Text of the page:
Augustine on the Free Choice of the Will: Outline

1. Augustine: On Free Choice of the Will

Augustine on the free choice of the will indicated that the mind cannot be forced to be a slave to lust. He outlined that the mind should not corrupt itself on behalf of its body. This is because; it is only when the two are in agreement that a man can perform righteous or evil actions. He added that if the body lusts and the soul concurs, then sin has been committed. However, if the body lusts and the soul does not agree, then there is no sin. Therefore, it is the free choice of the will that decides whether an action is sinful or not.

2. Outline

– Introduction
– Augustine on the free choice of the will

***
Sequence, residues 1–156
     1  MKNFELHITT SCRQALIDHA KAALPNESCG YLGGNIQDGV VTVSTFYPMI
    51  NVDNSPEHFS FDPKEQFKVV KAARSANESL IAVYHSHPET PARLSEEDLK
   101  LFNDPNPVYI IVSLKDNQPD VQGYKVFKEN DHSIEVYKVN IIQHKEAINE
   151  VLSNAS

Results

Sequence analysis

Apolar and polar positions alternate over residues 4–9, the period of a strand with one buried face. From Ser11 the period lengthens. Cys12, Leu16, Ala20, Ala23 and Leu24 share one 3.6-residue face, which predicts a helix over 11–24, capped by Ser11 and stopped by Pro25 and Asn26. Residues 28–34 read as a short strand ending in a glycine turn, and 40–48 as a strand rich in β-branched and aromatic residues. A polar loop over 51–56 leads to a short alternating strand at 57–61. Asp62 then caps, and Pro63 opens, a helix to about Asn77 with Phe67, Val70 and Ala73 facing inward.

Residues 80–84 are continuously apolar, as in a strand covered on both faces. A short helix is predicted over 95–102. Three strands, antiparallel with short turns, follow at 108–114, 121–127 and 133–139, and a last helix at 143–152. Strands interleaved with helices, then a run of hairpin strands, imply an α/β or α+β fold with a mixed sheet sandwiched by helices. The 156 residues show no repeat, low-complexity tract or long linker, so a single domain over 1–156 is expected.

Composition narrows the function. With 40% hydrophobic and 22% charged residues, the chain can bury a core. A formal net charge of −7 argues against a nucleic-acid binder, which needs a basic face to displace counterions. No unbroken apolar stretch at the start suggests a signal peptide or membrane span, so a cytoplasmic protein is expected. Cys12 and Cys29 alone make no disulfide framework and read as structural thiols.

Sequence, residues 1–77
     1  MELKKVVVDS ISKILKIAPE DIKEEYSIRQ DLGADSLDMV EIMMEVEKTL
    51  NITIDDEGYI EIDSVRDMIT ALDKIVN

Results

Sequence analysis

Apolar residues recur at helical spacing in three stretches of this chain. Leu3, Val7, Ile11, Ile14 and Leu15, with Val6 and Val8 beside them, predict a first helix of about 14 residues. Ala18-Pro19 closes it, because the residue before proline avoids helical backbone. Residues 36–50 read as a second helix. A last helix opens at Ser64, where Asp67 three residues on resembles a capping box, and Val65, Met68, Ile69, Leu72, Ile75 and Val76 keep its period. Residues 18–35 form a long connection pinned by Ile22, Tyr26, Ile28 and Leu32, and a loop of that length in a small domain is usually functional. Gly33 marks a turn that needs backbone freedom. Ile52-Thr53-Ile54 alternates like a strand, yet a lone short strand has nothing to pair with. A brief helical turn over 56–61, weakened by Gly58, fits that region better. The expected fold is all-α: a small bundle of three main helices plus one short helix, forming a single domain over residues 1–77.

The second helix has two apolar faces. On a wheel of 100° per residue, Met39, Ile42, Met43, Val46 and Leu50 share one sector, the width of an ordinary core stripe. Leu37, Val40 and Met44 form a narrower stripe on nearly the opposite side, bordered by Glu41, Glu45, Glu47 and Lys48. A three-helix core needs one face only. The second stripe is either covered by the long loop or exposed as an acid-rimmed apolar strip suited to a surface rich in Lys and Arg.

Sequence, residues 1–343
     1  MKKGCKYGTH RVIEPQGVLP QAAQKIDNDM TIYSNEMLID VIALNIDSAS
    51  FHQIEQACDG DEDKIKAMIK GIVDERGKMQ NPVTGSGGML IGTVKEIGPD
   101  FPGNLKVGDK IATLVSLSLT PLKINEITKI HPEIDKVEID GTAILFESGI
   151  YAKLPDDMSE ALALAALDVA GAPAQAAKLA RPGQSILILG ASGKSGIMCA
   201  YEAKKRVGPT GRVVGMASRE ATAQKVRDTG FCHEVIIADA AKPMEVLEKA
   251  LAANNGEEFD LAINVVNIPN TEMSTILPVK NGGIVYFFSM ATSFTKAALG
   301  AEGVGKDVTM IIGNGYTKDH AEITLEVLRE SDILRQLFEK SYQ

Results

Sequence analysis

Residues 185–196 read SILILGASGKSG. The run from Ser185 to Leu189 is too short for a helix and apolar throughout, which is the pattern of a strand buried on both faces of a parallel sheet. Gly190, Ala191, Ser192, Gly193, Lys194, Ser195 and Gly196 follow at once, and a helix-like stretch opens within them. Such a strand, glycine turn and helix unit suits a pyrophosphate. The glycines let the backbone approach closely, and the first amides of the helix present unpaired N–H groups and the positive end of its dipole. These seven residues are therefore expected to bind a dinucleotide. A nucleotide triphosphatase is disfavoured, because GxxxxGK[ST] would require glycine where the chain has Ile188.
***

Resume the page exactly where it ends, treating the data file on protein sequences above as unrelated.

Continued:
– Self-defense
– Human beings
– Augustine, S. and Williams, T. (12-126)
– Evodius
– Question
– God’s will
– Killing in self-defense
– Driven by unwarranted desires
– Saint Augustine
– Wrong kind of justification
– Freedom
– Righteous or evil actions
– Rewards
– Blames or punishments
– Conclusion


Augustine means that our will is free in the sense that we have the power to choose what we want. We are not determined by outside forces, but rather we make our own choices.

Augustine's view of freedom differs from other philosophical views in that he believes that our will is the only thing that is truly free. Other philosophers believe that there are other things that are also free, such as our mind or our body.

The implications of Augustine's view of freedom for moral responsibility are significant because it means that we are responsible for our own choices and actions. We cannot blame anyone else for our mistakes or bad decisions; we must take responsibility for them ourselves.

Someone might respond to Augustine's argument by saying that while our will may be free, it is not always possible for us to act on our desires due to outside constraints such as laws or social norms.